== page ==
Written by Karen Gellender Friday, 08 October 2010 00:00
There’s no question that bullying is a hot topic in the Plainview-Old Bethpage community right now. While opinions for how to deal with ongoing problems with bullying within the school district range far and wide among students, parents and educators, most people seem to agree that something needs to be done quickly. When the POB Parents Concerned About Bullying held their first community forum on Tuesday, Sept. 28, despite windy and threatening weather, the theater at the POB Library was nearly filled to capacity.
While some members of the community were concerned that school administration had not yet done enough to address the bullying problem in the district, and made their feelings clear in no uncertain terms during the question and comment period, forum moderator Nancy Speller made it clear that the intent of the forum was to bring the community together toward the goal of find a solution, not point fingers.
“We do not claim to be experts on the extremely complex issue of bullying. We also understand that the issues are not unique to our community, and represent a national problem with no simple solutions. We are fortunate to live in a community where school administration, personnel and the board of education care deeply about our children. We are not here tonight to find fault, or to place blame,” said Speller at the beginning of the forum.
Speller also noted that while the committee understood the need to express the anger, frustration and pain involved with the issue, and did not mean to minimize those feelings in any way, the group was there to “move beyond emotions and initiate proactive change.” While some parents did express their anger and frustration (and Speller did tell one audience member that she would be asked to leave if she kept talking out of turn), the tone of the forum remained predominantly civil, despite the high levels of emotion the topic frequently provoked.
A large portion of the forum was devoted to “POB Parent Testimonies”, where parents, whose names were not given in order to protect their and their children’s privacy, read accounts of their children’s experiences with bullying.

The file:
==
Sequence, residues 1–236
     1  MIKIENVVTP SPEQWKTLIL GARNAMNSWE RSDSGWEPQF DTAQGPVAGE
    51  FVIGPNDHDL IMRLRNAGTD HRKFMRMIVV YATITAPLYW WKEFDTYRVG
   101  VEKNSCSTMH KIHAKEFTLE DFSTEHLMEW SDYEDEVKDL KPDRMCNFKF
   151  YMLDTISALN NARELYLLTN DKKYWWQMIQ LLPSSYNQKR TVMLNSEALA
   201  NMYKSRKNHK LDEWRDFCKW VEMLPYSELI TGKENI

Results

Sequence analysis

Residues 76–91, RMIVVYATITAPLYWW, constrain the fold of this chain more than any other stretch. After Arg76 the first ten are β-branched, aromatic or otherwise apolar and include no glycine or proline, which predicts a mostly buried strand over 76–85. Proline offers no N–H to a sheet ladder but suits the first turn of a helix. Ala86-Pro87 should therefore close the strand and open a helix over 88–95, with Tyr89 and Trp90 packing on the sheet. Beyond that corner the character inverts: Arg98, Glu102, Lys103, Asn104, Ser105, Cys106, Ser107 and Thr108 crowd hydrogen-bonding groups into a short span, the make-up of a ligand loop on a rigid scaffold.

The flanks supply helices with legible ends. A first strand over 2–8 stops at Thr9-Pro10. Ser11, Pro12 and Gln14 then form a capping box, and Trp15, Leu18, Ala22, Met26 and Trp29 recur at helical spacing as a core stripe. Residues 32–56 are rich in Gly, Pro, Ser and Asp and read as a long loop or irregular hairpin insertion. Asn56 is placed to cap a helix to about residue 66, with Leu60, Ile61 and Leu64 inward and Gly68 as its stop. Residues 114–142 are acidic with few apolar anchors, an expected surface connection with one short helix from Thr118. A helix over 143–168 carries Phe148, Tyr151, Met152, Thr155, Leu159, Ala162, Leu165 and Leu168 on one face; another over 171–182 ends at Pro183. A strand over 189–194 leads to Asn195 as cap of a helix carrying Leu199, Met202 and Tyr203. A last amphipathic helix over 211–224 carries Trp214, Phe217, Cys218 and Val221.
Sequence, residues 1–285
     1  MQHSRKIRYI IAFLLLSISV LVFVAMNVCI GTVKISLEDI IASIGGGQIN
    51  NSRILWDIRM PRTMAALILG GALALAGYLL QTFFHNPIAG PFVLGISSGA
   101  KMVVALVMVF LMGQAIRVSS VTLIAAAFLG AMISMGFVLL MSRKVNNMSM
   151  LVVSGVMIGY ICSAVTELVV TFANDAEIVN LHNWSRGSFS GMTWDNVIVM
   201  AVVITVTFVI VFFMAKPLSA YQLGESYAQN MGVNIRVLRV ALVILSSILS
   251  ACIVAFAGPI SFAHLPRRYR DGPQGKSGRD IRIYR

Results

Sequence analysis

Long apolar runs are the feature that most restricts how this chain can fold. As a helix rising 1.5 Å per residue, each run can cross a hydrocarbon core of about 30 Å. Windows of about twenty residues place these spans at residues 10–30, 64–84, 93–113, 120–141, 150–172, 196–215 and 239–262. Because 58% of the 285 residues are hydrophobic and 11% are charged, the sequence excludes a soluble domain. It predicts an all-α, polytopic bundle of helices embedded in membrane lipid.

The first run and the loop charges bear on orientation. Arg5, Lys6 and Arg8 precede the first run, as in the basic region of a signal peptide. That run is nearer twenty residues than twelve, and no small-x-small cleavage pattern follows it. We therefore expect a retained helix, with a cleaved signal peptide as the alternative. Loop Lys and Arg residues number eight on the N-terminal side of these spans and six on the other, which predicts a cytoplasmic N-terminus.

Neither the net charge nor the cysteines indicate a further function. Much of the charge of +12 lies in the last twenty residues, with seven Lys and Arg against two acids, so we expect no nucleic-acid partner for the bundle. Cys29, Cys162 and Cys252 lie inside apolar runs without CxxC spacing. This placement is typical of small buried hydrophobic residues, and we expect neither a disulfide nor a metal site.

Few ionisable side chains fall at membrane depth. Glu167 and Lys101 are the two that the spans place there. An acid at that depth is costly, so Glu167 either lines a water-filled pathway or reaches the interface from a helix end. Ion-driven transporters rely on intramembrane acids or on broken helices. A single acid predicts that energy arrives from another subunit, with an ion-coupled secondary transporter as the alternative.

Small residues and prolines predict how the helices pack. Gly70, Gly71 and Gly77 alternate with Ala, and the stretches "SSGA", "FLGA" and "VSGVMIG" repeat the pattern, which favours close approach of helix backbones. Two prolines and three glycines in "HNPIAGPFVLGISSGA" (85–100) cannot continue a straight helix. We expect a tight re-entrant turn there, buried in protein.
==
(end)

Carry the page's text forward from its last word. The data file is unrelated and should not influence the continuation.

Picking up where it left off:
“Instead of asking my son ‘How was your day today?’ or ‘What did you learn, or do today?’- like my parents asked me when I went to school in the Plainview School District- I asked my son when he came home from school, assuming I didn’t already get a call from the school, ‘Did anything happen today?’ said one parent, who stated that his child had been bullied for four years. After reading a first-person account of many incidences of bullying, including one instance where the child was suspended for defending himself against a bully, it was noted that the child would be changing to another school for his own safety.
One parent brought in her son’s “sad journal”, where her young child had written down his account of being bullied, complete with line drawings. “They pushed me off the balance beam in the school yard,” the mother read from her son’s journal. Another mother broke into tears while reading her account of her 6-year-old son’s experiences, necessitating another committee member to continue reading her story, who was also on the verge of tears.
Many of the parents who spoke of their children’s struggles noted that they did not receive what they felt constituted satisfactory attention or action on the part of school administration. Several also expressed concern that since there seemed to be no consequences for the bullies, the students who were bullying their children would simply continue to do so.
One father did not read an account of his child’s experiences, but instead stated several recommendations for dealing with the problem, including the idea that children with a record of bullying should not be allowed to participate in school sports or school-sponsored extra-curricular activities. “These activities should be treated as a privilege, and not an absolute right,” he said. He also suggested that bullying behavior on the part of the parents should impair the ability of the child to take part in these activities.
Finally, one parent read an account of her own personal experience with bullying, stating that when she was 13 years old, kids from “the popular crowd” used to push her on the floor and kick her every day after school, an experience which she said had a strong impact on her personal development. With deep emotion, she implored everyone present not to fail the children by allowing bullying to continue. The crowd applauded her courage to come forward on behalf of victims of bullying with an enthusiastic round of applause.